The End of Absence
Only one generation in history (ours) will experience life both with and without the Internet. For everyone who follows us, online life will simply be the air they breathe. Today, we revel in ubiquitous information and constant connection, rarely stopping to consider the implications for our logged-on lives.
Michael Harris chronicles this massive shift, exploring what we've gained —and lost — in the bargain. In this eloquent and thought-provoking book, Harris argues that our greatest loss has been that of absence itself — of silence, wonder and solitude. It's a surprisingly precious commodity, and one we have less of every year. Drawing on a vast trove of research and scores of interviews with global experts, Harris explores this "loss of lack" in chapters devoted to every corner of our lives, from sex and commerce to memory and attention span. The book's message is urgent: once we've lost the gift of absence, we may never remember its value. (From HarperCollins)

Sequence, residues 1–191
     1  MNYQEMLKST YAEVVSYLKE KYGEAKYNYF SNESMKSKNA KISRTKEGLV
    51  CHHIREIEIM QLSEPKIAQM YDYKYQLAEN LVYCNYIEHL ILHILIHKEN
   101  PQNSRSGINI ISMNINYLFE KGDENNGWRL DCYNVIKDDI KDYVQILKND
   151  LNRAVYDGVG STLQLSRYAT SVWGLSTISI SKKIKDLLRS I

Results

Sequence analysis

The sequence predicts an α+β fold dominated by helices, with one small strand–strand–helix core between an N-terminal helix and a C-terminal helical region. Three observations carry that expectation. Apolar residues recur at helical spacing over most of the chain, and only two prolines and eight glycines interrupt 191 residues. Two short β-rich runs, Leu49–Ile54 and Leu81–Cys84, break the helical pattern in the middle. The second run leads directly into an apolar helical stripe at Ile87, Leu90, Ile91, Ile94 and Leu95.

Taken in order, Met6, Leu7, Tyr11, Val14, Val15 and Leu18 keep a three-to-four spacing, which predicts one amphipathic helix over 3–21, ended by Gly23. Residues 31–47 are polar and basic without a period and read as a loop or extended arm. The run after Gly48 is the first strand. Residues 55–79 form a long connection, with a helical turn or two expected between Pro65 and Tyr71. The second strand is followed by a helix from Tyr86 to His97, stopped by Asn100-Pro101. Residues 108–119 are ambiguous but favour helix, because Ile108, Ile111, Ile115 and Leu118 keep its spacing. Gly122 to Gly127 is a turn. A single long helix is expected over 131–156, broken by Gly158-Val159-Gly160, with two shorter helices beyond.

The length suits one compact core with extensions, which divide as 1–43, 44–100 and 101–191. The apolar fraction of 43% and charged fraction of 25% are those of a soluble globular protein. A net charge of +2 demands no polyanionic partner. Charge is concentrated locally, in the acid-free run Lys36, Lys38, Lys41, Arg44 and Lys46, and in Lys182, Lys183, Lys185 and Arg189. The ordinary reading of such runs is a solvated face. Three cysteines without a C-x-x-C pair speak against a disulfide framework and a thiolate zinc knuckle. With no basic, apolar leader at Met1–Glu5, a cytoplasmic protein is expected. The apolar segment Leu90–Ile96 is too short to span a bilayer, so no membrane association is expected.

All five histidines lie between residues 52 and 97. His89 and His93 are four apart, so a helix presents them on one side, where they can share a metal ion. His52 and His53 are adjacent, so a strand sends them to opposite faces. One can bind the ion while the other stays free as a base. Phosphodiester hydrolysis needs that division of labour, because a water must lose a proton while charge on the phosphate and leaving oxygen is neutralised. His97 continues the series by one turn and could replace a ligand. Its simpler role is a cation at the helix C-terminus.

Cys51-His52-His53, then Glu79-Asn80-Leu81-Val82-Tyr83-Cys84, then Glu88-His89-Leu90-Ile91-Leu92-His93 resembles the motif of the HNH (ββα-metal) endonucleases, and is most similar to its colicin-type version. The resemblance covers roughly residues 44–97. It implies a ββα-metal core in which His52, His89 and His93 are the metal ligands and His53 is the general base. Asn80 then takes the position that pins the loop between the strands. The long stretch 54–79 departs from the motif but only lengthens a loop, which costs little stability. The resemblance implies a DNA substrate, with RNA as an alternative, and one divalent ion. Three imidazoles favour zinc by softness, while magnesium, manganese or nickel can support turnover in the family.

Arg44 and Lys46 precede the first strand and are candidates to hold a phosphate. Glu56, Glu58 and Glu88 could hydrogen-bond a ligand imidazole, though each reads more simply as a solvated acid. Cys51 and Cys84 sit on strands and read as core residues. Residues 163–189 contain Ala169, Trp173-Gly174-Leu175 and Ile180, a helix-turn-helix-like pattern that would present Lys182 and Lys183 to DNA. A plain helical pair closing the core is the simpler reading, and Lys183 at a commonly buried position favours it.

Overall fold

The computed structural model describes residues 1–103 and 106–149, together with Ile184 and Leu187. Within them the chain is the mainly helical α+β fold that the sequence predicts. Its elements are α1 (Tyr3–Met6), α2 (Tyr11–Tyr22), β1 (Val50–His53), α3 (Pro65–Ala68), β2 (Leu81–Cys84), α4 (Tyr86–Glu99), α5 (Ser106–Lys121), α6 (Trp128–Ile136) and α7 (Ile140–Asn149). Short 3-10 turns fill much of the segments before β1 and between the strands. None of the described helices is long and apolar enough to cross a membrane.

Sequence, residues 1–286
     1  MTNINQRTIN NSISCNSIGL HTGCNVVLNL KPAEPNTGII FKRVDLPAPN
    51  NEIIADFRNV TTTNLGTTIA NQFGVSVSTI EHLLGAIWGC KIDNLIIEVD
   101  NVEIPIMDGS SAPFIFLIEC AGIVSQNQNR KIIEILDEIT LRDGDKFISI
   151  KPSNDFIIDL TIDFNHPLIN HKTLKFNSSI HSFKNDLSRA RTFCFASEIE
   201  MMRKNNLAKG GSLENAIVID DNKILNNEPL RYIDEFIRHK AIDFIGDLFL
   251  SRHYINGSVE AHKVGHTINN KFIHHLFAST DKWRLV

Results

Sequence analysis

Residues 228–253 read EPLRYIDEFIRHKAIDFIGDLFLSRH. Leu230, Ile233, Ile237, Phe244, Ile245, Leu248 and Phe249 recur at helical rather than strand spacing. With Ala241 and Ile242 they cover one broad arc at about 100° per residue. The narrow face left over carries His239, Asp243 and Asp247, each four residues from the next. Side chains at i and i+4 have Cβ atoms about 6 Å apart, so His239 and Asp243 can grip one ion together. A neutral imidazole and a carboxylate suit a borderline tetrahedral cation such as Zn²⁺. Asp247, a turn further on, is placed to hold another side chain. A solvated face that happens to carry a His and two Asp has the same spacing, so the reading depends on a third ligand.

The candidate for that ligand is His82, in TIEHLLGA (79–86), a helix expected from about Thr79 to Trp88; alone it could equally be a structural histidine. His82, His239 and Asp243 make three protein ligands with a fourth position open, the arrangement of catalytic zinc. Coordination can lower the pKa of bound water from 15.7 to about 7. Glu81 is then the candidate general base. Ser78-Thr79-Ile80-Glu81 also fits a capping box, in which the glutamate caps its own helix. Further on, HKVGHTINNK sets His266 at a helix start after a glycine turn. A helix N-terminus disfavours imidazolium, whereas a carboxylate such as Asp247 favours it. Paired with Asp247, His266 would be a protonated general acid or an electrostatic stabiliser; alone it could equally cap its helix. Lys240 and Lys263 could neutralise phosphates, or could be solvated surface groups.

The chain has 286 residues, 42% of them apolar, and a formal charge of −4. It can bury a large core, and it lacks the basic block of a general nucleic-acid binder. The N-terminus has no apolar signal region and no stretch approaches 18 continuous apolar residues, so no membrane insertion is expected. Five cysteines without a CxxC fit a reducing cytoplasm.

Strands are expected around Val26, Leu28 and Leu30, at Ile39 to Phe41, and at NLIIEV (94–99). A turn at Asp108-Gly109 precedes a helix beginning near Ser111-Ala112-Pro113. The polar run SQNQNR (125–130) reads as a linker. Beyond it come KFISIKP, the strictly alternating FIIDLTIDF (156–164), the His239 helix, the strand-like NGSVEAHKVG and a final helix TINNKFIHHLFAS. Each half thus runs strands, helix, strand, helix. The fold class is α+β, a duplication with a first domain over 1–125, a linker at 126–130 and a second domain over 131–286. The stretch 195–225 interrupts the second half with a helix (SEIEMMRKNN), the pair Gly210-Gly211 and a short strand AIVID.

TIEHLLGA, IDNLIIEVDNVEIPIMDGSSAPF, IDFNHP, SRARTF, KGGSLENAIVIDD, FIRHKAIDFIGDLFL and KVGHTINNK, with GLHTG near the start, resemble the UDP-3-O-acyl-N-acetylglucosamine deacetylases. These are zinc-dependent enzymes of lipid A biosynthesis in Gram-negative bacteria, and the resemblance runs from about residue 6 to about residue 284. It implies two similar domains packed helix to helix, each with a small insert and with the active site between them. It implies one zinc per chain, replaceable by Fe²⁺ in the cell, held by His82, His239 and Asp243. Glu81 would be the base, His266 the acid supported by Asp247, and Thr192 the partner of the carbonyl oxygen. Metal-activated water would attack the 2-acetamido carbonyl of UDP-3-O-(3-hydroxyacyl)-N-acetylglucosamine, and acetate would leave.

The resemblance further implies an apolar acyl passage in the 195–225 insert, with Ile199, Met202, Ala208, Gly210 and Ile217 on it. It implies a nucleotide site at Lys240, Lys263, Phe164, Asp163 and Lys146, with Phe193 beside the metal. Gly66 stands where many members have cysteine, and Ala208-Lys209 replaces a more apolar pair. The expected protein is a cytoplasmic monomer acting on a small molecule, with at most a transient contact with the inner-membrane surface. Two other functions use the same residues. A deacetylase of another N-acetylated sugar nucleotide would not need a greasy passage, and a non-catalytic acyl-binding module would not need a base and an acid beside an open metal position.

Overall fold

The End of Absence won the Governor General's Literary Award for nonfiction in 2014.
As we embrace a technology's gifts, we usually fail to consider what they ask from us in return — the subtle, hardly noticeable payments we make in exchange for their marvelous service. We don't notice, for example, that the gaps in our schedules have disappeared because we're too busy delighting in the amusements that fill them. We forget the games that childhood boredom forged because boredom itself has been outlawed. Why would we bother to register the end of solitude, of ignorance, of lack? Why would we care that an absence has disappeared?
From The End of Absence by Michael Harris ©2014. Published by HarperCollins Canada.